Market Recap – April 2015
Investors seemed to take their emotional cue from a spate of mixed earnings results and economic data, waffling between enthusiasm and caution throughout the month. The Nasdaq finally recouped the losses it incurred during the technology crash 15 years ago, hitting a new record high during the third week of April. It then gave up much of that ground to end the month less than 1% higher than where it started. The S&P 500 and Russell 2000 indexes also managed to hit new highs, only to retreat again, posting a modest gain of 0.85% and a loss of 2.61%, respectively. The benchmark 10-year Treasury yield rose past the 2% mark.
Internationally, investors kept a keen eye on Greece and its ongoing discussions with creditors, as speculation continued about the country's ability to repay its debts. Despite this uncertainty, April seemed to favor global stocks, which surged 3.30%.
Oil prices reached new highs for the year towards month's end, with U.S. crude closing April at about $60/barrel. Gold closed the month virtually unchanged from March, at $1,183 an ounce. The dollar posted its worst monthly loss in four years, losing approximately 3.7% against a basket of six other currencies.
- The Nasdaq broke its 15-year-old record set in March 2000, reaching a high of 5092.08 on April 24. The S&P 500 and the Russell 2000 also hit new highs during the month.
- Gross domestic product rose at just 0.2% during the first quarter of 2015, according to the Bureau of Economic Analysis's (BEA) advance estimate. That compares with a 2.2% rise in Q4 2014. Observers noted several factors that could have been at play during the winter months, including challenging weather, a strengthening dollar, disruptions in West Coast port operations, and lower oil prices.
- In its April meeting announcement, the Federal Open Market Committee suggested that the first quarter's slower growth was due in part to "transitory factors," such as the ones noted above. The committee also said that, with "appropriate policy accommodation," it expects growth to expand at a moderate pace. Noting its mandate to "foster maximum employment and price stability," the Fed reiterated its position that the current target interest rate range of 0 to 0.25% is appropriate.
- Despite the fact that job openings reached their highest level in 14 years in February, according to the Bureau of Labor Statistics, Good Friday (April 3) brought the unwelcome news that the U.S. economy added just 126,000 jobs in March, the weakest monthly gain since December 2013. Fortunately the markets were closed that day, and the news didn't have a major impact on stock performance during the following week.
The Month Ahead
In the coming weeks, investors will likely keep a close eye on Europe to see if Greece's new negotiators are able to make any real progress. In addition, economic data will be closely monitored to see if factors that affected the economy during the winter months were indeed "transitory."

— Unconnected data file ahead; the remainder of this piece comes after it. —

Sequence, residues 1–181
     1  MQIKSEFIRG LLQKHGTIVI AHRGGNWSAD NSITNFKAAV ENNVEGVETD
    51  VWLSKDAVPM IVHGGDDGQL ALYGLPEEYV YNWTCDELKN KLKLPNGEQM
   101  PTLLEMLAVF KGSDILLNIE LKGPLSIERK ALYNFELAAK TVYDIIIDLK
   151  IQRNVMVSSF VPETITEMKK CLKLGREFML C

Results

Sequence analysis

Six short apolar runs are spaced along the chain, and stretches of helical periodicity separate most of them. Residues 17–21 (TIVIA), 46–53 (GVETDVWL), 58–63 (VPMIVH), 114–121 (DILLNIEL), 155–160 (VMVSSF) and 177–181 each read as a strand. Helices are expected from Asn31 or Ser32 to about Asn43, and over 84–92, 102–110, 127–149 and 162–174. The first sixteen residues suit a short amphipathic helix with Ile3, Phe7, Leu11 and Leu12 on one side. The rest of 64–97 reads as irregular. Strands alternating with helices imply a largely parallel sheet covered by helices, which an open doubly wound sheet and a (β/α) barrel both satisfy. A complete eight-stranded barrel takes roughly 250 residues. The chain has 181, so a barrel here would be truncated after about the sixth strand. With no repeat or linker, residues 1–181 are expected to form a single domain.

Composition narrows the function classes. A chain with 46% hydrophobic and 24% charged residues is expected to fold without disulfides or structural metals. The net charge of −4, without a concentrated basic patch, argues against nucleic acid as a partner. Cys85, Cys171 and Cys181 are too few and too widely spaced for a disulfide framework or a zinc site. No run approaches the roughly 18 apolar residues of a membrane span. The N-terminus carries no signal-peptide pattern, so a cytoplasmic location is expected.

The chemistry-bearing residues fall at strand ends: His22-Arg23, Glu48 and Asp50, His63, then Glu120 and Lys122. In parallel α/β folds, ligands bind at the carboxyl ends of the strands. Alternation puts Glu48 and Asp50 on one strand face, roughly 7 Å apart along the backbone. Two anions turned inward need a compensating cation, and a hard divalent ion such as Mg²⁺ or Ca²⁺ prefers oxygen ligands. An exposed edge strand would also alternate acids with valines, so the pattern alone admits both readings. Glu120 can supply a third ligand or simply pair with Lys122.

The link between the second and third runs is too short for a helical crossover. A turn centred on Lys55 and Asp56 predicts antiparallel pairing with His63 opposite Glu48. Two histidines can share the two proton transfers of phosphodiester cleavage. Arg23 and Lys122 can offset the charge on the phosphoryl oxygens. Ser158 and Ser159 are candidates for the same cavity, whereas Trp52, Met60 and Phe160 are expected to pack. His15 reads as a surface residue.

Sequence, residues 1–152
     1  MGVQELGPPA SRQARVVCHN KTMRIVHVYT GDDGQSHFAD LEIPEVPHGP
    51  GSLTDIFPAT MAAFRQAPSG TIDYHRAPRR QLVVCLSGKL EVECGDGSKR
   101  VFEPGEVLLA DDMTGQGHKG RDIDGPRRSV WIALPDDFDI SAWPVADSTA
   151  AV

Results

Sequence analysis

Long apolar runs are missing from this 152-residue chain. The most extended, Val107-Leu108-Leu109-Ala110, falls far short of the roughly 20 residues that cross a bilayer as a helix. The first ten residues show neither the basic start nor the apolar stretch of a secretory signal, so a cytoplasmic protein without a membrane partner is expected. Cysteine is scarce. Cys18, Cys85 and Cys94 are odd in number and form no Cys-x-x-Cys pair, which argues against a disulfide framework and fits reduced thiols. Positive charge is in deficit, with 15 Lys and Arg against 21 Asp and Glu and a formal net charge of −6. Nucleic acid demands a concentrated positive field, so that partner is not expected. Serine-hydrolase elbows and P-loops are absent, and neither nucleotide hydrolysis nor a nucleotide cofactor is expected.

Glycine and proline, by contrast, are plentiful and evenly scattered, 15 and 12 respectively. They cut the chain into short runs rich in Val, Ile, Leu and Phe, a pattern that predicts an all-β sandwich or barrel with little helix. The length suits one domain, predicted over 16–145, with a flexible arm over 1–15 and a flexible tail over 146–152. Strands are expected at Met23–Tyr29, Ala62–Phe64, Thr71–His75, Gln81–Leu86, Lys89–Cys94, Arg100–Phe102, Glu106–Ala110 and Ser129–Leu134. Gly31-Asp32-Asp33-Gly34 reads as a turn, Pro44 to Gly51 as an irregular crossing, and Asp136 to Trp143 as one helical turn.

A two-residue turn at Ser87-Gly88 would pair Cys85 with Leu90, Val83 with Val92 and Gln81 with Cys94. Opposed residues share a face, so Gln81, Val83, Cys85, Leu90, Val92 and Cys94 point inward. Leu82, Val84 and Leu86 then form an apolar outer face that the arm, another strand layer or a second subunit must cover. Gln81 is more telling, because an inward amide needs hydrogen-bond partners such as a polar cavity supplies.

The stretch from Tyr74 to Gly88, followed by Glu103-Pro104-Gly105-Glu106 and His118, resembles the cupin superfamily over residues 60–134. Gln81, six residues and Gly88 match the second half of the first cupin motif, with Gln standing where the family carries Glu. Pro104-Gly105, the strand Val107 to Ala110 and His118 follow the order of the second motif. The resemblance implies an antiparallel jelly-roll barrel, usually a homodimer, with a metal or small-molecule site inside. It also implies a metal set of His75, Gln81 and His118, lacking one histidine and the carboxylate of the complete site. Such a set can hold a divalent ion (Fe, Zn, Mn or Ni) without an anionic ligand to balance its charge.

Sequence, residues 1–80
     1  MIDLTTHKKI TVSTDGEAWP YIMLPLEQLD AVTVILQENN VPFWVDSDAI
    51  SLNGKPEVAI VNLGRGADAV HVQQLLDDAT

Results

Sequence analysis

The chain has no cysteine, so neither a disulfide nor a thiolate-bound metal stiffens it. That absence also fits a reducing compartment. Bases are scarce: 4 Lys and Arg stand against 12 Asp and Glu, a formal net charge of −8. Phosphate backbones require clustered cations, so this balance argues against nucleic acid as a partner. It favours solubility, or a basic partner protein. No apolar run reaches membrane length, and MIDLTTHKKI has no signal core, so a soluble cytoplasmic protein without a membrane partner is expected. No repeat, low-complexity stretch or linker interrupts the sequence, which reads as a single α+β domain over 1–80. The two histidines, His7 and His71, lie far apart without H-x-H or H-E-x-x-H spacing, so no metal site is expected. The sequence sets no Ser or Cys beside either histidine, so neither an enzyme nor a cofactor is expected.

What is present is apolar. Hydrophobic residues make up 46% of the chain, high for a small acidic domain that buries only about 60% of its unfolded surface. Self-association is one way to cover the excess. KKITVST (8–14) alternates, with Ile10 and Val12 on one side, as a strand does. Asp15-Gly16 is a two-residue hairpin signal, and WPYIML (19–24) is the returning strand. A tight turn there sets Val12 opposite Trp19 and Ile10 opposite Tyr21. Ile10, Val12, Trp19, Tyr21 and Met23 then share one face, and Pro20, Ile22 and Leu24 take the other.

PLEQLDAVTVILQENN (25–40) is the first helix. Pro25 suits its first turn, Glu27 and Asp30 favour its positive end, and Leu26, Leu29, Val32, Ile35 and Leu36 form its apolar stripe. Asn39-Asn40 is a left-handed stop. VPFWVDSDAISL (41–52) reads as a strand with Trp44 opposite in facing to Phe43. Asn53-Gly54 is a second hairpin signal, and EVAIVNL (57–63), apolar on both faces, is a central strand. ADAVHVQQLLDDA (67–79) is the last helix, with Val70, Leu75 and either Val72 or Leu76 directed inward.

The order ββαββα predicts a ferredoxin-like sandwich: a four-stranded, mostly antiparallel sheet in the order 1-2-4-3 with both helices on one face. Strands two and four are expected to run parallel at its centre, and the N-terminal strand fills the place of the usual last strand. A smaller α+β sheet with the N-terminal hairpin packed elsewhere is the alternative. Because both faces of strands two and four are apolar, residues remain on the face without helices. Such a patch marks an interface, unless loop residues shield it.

Notes: The Dow Jones Industrial Average (DJIA) is a price-weighted index composed of 30 widely traded blue-chip U.S. common stocks. The S&P 500 is a market-cap weighted index composed of the common stocks of 500 leading companies in leading industries of the U.S. economy. The NASDAQ Composite Index is a market-value weighted index of all common stocks listed on the NASDAQ stock exchange. The Russell 2000 is a market-cap weighted index composed of 2000 U.S. small-cap common stocks. Market indexes listed are unmanaged and are not available for direct investment.
Portions of this market recap were provided by Forefield Financial Communications.
The performance quoted represents past performance, which does not guarantee future results. This summary represents the views of the portfolio manager as of April 30, 2015. Those views may change, and the Funds disclaim any obligation to advise investors of such changes. The Azzad Funds are self-distributed and available by prospectus only. A free copy of the prospectus, which contains information about the Funds’ risks, fees, and objectives, and other important information, is available at www.azzadfunds.com or by calling 888.350.3369. The Dow Jones Industrial Average (DJIA) is a price-weighted index composed of 30 widely traded blue-chip U.S. common stocks. The S&P 500 is a market-cap weighted index composed of the common stocks of 500 leading companies in leading industries of the U.S. economy. The Russell 2000 is a market-cap weighted index composed of 2000 U.S. small-cap common stocks measuring the performance of those Russell mid-cap companies with higher price-to-book ratios and higher forecasted growth values. The stocks are also members of the Russell 1000 Growth index. The Dow Jones Sukuk Index is designed to track the performance of global Islamic fixed-income securities, also known as Sukuk. The index includes U.S. dollar-denominated, investment-grade Sukuk that have been screened for Shari’ah compliance.